Notwithstanding the reasons, this district is really worth seeing. The beautiful land of Kutch with its amazing blend of desert occupying more then half of the area and fertile land bordering the sea coast is site to see. Kutch is geographical shaped like a tortoise. The district lies in the extreme west of India between 22` 44` 8` to 24` 41` 30` North latitude and 68` 7` 23` and 71` 46` 45` East longitude.
Location and area
Covering an area of 45,612 km, Kutch is the largest district in the state of Gujarat and the second largest district of India after Leh in Jammu and Kashmir. The administrative headquarter is in Bhuj which is geographically also in the center of district. Other main towns are Gandhidham, Adipur, Anjar, Mandvi and Mundra.
Kutch is well-nigh an island, surrounded. Apart from this, Rann of Kutch also shares the border with Pakistan. The series of villages situated on the blind thrust in the eastern part of the Kachchh Mainland Hill Range (viz. Jawaharnagar, Khirsara, Devisar, Amarsar and Bandhdi) was completely erased.
Topographically, Kutch is divided into 5 distinct regions: (i) The Great Rann, or uninhabited wasteland in the north, (ii) The Grasslands of Banni, (iii) Mainland, consisting of planes, hills and dry river beds, (iv) The Coastline along the Arabian Sea in the south, and (v) Creeks and mangroves in the west. More loosely, the southern portion of the Rann is considered an island, with seawater inundating the land for most of the year. The mainland is plane but has some hill ranges and isolated hills.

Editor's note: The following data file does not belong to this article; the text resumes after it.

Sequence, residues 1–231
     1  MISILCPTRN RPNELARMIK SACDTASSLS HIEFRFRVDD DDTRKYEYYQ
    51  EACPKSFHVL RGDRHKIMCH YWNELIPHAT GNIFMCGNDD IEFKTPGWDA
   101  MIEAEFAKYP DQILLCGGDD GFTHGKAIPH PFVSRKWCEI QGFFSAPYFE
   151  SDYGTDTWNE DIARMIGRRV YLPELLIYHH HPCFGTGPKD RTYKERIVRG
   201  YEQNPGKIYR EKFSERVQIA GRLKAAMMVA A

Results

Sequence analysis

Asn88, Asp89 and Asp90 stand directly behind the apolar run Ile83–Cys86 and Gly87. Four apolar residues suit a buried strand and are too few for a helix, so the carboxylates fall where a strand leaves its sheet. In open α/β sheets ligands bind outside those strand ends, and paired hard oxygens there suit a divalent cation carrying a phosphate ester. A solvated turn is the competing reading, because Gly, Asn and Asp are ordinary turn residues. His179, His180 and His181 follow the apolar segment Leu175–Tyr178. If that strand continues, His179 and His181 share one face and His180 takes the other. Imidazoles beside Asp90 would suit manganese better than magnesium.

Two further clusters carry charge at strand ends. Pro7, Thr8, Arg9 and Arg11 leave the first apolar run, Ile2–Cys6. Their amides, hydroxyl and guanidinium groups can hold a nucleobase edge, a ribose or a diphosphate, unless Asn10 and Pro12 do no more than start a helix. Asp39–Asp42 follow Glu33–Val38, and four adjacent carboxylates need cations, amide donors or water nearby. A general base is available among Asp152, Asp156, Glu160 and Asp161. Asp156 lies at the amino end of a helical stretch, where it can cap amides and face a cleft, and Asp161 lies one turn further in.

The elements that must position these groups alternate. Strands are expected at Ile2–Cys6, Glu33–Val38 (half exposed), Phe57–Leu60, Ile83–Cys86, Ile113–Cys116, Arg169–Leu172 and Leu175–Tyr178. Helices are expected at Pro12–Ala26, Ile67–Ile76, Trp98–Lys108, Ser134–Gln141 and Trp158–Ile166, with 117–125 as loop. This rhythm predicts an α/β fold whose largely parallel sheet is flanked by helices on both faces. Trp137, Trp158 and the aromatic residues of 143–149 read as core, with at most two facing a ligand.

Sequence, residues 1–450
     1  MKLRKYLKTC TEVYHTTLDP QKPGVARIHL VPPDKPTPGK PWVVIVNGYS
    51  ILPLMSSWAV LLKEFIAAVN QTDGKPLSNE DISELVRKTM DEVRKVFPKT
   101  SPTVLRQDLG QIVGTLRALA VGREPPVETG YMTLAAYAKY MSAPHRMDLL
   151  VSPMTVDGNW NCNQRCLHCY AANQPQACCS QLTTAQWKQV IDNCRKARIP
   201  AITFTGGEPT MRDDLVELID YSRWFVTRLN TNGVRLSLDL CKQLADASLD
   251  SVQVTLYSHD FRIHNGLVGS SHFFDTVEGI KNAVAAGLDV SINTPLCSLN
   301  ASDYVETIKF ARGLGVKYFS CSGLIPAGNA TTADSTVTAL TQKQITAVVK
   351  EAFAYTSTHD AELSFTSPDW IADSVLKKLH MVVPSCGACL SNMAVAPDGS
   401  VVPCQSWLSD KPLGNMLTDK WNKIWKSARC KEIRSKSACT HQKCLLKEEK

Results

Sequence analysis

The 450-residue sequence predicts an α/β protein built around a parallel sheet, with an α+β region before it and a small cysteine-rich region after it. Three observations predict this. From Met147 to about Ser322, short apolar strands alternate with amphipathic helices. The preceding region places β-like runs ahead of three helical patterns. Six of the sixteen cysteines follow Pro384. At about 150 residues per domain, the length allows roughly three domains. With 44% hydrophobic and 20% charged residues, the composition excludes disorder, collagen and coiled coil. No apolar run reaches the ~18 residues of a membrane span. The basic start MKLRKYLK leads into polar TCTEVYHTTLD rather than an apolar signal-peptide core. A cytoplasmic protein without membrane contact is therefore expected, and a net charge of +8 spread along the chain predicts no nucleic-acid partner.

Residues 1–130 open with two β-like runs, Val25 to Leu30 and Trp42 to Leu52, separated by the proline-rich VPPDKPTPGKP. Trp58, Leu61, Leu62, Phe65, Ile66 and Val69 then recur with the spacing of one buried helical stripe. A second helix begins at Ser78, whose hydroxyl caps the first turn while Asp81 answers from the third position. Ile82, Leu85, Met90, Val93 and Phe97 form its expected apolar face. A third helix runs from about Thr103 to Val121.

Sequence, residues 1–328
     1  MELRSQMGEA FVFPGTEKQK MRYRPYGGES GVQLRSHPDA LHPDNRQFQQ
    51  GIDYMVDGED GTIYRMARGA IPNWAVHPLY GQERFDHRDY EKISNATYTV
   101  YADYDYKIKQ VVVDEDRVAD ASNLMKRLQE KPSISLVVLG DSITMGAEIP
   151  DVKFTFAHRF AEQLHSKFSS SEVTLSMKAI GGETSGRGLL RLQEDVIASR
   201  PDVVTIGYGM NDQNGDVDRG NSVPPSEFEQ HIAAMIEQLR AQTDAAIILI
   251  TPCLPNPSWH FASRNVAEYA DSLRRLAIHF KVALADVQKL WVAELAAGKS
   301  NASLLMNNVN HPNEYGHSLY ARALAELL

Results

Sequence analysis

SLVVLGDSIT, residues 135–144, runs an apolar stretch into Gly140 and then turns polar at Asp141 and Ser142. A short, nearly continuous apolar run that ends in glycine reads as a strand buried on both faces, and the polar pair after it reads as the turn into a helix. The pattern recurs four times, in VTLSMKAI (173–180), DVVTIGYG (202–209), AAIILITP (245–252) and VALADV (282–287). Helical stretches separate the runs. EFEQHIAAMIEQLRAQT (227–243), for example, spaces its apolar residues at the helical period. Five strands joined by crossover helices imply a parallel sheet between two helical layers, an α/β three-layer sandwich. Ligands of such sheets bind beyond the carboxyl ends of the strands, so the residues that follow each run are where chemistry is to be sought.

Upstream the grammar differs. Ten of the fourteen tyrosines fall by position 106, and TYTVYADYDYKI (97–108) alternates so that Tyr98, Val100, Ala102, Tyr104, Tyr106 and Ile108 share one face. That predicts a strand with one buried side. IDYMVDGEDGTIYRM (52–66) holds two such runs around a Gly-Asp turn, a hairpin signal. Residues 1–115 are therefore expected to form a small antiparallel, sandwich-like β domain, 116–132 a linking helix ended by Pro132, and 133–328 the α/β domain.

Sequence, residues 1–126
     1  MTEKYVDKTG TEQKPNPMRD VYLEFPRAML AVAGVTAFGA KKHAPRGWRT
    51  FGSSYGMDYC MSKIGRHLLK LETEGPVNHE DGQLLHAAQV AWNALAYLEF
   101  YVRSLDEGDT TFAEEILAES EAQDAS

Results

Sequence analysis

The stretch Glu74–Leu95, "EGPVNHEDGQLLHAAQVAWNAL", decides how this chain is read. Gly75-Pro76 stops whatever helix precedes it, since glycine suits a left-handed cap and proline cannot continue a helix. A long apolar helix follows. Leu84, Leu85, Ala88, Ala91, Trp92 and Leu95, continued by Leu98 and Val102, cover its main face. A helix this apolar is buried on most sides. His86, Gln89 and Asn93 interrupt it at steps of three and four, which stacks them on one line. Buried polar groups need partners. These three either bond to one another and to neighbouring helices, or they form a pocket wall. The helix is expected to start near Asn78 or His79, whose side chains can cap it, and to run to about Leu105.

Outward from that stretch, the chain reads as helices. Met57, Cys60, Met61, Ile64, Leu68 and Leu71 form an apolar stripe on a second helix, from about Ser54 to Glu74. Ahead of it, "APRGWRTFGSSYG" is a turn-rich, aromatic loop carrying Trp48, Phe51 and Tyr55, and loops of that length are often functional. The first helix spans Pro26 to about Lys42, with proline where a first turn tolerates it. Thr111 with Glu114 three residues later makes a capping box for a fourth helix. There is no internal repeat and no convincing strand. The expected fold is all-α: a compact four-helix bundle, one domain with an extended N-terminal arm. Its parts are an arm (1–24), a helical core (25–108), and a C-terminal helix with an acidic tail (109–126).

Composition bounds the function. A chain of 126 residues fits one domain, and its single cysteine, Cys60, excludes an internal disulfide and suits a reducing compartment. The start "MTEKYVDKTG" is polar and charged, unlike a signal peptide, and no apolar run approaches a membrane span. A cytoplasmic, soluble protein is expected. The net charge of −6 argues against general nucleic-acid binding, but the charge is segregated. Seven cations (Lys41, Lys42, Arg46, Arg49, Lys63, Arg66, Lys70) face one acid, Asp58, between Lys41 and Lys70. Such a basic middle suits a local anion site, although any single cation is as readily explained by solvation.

Kutch has approximately 965 villages inhabited by a diverse population. Hindus constitute 89% of the population, followed by Muslims who form 9% and Jains who make up 1% of the total population. The region is sparsely populated in comparison to the large area of land, but the settlements are fairly densely populated.
Kutch has a tropical monsoon climate with an average annual rainfall of approximately 14 inches. The temperature ranges from 2 degrees Celsius in the winter to 45 degrees Celsius in the summer. The three main seasons are: (i) Summer, from February to June, (ii) Monsoon season, from July to September, and (iii) Winter, from October to January.
Kutch has many rivers, they are small and do not have much water. Those flowing in the north disappear in the desert, while those flowing in other directions join the sea. The Khari flowing by Bhuj meets the desert and the Magh and the Tara empty their waters in the Gulf of Cambay. The Rudramata has been bunded for irrigation, providing the only irrigation project in Kutch.
Economy of Kutch
The economy of Kutch is still agro-based and therefore in spite of shortage of water lot of emphasis is being laid on agricultural and farming activities. Over a period of time the cropping pattern in Kutch is changing gradually. Gone are the days when Lakhpat area was a rice bowl. Crops requiring less water and yielding more cash are the pattern of the day. Crops such as Cereals - Bajri (maximum), Jowar, Wheat and Rice (negligible),Pulses such as- Moong, Moth, Udad, Black gram, Beans, oil seeds - Groundnut, Mustard, Sesaum (Til), Castor, Sunflower and Cotton seeds and others cultivation such as Guvar, Cattle feed , Cotton (Gossipium), Sugarcane, Dates, Isabgol, etc.